As people are more active in venturing into the PC gaming market with their laptops or computers, Valve have reaped the rewards. Indie and smaller games, often less taxing on hardware, are a staple part of the industry now, and Steam has always been keen to give them the outlet they need.
Well played by them, because they’ve now got more constant users than some countries have people.
Seven million is a hefty number, and so is the 65 million users that have registered accounts on the Steam network. Despite the release of the two next generation consoles, the humble PC is still nurturing a growing community, and Valve is definitely seeing the benefit.
It doesn’t look like it’ll stop here either – last year Steam clocked 6 million concurrent users, with 50 million registered accounts – an improvement over 2011 with 5 million active and 40 million registered. Following this trend we could see up to 10 million concurrent users and maybe hitting 9 figures for registered accounts in the next half-decade.
The truth is, computer gaming is in a very healthy state. Despite Microsoft and Sony’s very impressive efforts – which must be commended – to give amateur game developers the capability to publish on their consoles, the PC is usually the first port of call for aspiring developers.
There are some great ways for people to get started nowadays – Steam’s Greenlight service, which lets the community vote democratically on what they want to see available for purchase, gives developers critical feedback and advice from their desired audience, and has helped produce some tremendous titles over the past few years. Kickstarter projects have also been incredibly successful for game developers with passion and talent, and has secured millions in funding for hundreds of games.
Steam’s Source SDK is freely available to all registered users too, giving those wanting to get started a foot in the door with mod-creation for many platforms.
Think your computer isn’t powerful enough to enjoy great games? You’re wrong.
If you’re not too sure about what you’re working with, don’t panic – your computer actually knows a lot of the relevant stuff. Press the Windows Key + R and you’ll see a little ‘Run’ box in the bottom left corner. In that box, type ‘dxdiag’ (despite looking like an Aramaic curse, it actually stands for DirectX Diagnosis) and a tab will come up listing your basic specifications.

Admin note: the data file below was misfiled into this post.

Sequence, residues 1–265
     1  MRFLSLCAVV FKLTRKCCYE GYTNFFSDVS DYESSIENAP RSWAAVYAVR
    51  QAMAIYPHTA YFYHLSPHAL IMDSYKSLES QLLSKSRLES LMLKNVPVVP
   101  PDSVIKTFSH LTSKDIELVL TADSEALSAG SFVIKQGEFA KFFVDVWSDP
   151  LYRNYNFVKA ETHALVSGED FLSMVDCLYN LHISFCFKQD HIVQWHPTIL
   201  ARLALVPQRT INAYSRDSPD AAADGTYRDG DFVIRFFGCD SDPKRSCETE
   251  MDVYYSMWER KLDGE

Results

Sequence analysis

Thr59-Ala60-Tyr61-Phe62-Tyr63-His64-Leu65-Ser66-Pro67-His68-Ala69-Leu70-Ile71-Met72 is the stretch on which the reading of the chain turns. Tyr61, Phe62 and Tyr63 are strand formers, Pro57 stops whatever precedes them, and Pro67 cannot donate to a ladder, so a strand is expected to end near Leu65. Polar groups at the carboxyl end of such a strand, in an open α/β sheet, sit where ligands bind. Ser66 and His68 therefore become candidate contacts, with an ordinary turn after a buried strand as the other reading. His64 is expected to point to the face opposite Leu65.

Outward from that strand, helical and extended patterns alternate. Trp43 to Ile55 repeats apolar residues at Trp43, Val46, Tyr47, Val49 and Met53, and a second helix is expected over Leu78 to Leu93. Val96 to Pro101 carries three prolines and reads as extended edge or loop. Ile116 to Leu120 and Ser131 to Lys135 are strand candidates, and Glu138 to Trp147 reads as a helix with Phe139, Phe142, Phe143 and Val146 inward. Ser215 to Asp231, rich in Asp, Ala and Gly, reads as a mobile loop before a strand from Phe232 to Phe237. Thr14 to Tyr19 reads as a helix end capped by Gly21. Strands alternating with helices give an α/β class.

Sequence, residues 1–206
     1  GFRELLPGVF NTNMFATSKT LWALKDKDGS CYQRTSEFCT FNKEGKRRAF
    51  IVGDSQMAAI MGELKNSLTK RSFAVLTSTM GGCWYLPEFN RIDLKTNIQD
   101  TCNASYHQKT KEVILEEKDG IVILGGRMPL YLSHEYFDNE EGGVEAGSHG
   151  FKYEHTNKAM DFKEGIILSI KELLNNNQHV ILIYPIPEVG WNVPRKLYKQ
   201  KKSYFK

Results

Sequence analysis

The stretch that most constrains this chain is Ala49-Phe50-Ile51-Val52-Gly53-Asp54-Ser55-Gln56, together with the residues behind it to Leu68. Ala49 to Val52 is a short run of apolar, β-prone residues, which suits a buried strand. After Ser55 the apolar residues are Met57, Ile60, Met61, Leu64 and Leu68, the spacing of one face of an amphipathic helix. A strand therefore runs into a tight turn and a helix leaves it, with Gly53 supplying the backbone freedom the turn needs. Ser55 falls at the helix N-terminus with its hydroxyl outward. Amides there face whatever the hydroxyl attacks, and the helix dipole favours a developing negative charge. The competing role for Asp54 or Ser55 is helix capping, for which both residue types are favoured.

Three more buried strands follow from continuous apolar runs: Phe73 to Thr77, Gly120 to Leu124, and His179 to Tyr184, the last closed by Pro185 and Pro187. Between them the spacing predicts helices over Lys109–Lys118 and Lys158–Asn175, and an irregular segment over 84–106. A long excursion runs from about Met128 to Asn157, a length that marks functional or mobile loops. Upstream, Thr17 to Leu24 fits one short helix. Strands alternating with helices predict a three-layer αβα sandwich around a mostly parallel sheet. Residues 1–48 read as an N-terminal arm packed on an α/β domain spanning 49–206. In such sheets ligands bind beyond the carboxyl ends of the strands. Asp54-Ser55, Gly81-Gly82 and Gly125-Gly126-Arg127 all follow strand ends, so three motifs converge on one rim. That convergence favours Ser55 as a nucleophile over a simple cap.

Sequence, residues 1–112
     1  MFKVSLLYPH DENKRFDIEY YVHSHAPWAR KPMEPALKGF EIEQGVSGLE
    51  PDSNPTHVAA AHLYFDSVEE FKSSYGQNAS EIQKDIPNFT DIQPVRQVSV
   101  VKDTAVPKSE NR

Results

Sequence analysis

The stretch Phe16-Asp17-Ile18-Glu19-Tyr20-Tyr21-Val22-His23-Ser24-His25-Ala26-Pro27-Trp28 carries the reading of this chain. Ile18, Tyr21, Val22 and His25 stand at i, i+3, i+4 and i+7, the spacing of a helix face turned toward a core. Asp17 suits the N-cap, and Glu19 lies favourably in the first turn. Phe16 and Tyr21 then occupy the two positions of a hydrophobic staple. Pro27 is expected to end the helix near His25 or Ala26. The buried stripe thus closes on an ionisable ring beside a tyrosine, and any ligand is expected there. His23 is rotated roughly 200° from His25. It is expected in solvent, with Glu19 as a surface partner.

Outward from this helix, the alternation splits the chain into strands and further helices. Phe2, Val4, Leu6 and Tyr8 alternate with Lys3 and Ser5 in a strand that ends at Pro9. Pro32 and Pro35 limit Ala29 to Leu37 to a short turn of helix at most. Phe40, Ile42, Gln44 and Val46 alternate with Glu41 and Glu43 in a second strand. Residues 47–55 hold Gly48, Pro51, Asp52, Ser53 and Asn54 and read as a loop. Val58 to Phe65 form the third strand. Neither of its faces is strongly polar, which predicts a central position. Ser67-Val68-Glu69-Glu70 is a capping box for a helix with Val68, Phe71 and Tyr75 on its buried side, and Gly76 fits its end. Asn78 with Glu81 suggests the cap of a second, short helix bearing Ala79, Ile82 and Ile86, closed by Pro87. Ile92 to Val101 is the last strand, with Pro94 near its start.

On the first screen you’ll see system related info – most relevant would be your Processor, Operation System, RAM and possibly DirectX version (though most games will update that for you on download anyway). On the next tab is Display, giving you some information on your graphics card and display drivers.
If you’re confused by what you see, take the name at the top of the information and put it through your desired search engine – mine are a pair of AMD Radeon HD 7970Ms, and a quick Google of that takes me to AMD’s website, and a spec section where I’m told they have 2 gigabytes of memory each. Most games on Steam have minimum requirements which are a fraction of that.
There you go – you’ve got your basic information and the knowledge that should you run into any problems, you have a stalwart community of tens of millions of users which are growing by the day. Check out my Steam sales article if you’re looking for some smaller games to get yourself started, and jump right in – you won’t regret it.